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Producer inflation expected to accelerate in coming months

| Economic factors

Producer inflation slowed unexpectedly last month compared with a year ago as food prices, which make up 25% of the producer inflation basket, rose at a slower pace.

Despite producer inflation for final manufactured goods having moderated slightly to 3% year on year from 3.1% in March, economists expect it and consumer inflation to accelerate in coming months on rising food and fuel prices. Producer inflation was up 0.9% during the month.

Manufacturers have been "absorbing" higher water and electricity prices which they have not passed on to consumers because of "muted market conditions", Manufacturing Circle executive director Coenraad Bezuidenhout said.

Mr Bezuidenhout added, however, that higher labour costs, as well as steep electricity and water tariffs, would force manufacturers to pass costs on to consumers at some point.

Any favourable commodity price developments on producers’ costs were being partly mitigated by high administered tariff increases, particularly electricity, said Investec economist Kamilla Kaplan.

The petrol price has been rising since March, and an increase of about 50c/litre is expected to be announced on Friday for next month.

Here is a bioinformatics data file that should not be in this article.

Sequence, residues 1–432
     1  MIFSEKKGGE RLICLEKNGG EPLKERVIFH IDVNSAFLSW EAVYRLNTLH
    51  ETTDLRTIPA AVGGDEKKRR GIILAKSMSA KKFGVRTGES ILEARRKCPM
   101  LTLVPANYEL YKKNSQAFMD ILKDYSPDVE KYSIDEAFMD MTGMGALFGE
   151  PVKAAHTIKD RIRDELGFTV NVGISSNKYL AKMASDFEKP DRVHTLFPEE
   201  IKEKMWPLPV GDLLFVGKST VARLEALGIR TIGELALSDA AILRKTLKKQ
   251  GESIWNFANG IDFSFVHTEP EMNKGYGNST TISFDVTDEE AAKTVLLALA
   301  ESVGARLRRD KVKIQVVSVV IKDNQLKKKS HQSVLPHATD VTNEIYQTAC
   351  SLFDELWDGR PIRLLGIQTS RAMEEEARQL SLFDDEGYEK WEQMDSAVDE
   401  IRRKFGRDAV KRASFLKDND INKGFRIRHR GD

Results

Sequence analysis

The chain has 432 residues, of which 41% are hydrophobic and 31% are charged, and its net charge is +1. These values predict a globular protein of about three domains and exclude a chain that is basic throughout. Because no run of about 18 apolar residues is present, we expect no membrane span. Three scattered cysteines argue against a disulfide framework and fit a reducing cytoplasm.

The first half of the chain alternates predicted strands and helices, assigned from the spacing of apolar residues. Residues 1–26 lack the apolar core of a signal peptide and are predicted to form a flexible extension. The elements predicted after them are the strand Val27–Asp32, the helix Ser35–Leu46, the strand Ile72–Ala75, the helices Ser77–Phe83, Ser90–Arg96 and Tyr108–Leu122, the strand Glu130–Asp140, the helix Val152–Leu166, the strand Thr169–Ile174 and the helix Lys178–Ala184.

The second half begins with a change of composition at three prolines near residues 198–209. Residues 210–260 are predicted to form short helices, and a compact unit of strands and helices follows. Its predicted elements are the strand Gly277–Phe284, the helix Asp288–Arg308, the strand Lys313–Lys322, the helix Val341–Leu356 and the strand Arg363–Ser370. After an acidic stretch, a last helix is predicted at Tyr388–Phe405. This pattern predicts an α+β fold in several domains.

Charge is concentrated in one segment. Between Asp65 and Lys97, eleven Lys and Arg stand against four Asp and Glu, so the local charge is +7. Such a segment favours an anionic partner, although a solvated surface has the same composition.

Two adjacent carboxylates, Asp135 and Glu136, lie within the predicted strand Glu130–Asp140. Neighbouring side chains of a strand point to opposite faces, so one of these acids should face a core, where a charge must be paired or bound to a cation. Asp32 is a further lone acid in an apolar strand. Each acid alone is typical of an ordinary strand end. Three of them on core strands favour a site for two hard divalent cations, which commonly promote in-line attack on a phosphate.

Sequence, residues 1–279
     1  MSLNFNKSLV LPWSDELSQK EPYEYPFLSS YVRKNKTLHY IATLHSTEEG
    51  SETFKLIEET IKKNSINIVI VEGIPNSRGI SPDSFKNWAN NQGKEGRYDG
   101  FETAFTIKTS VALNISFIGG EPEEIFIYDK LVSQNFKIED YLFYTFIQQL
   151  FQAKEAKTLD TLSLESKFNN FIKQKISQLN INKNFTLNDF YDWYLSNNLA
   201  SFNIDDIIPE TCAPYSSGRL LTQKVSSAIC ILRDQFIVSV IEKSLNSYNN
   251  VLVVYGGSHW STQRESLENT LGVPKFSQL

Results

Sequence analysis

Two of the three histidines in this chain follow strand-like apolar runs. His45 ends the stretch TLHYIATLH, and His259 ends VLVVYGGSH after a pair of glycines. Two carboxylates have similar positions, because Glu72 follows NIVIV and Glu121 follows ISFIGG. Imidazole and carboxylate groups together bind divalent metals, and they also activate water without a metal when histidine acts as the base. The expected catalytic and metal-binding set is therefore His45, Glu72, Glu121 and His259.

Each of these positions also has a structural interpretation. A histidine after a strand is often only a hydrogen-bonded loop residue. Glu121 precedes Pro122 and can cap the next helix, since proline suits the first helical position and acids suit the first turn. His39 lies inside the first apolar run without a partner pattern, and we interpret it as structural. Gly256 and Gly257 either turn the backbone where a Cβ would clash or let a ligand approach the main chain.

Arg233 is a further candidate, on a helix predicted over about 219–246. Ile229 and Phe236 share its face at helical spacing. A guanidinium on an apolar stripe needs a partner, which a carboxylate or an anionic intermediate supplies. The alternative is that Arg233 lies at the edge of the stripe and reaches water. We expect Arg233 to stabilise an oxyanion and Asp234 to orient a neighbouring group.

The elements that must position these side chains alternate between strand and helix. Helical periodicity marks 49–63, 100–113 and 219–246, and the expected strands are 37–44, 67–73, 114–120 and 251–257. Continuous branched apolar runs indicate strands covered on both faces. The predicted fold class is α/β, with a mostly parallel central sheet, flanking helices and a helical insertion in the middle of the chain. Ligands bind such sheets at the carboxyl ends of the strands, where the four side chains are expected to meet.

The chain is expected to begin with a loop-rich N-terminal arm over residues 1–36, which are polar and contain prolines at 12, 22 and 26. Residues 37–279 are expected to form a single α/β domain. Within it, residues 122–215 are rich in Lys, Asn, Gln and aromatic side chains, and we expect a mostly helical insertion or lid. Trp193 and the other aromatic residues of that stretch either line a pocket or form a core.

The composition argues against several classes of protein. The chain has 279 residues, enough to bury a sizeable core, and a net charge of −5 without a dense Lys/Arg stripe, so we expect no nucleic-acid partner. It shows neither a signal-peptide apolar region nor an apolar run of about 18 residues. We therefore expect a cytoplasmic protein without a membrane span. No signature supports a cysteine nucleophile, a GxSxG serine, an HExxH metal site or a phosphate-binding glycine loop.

Inflation would "rise rapidly" now that petrol prices were recovering, analysts at international credit insurer Coface said in a research note.

Food prices are also expected to rise because of a drought that has affected maize crops.

Grain SA estimates that the country will have to import 727,000 tonnes of maize this year.

Food products, beverages and tobacco products — which are grouped in one category that makes up 33% of the producer inflation basket — as well as metals, machinery, equipment and computing equipment were the main contributors to headline inflation.

Intermediate manufactured goods inflation fell last month, which should be positive for producers because of the importance of such goods in the production processes.

The annual producer inflation for electricity and water rose sharply by 10.4% last month, compared with 8.6% in March, amid steep increases in the prices of these resources.

More increases could follow as Eskom has applied for an additional electricity tariff increase this year on top of the 12.7% already implemented last month.

But rises in food and the petrol price will not be the only contributing factors to an increase in producer inflation in future — the lagged effect of a weak rand on prices will also be another determinant.

Uncertainty about how a weaker rand would impact prices was concerning for monetary policy authorities, Reserve Bank deputy governor Francois Groepe said this week. "We have seen far more muted pass-through in the past few years, than during previous episodes of rand depreciation and the Bank estimates that actual pass-through could be about half of what is assumed in the forecast model."

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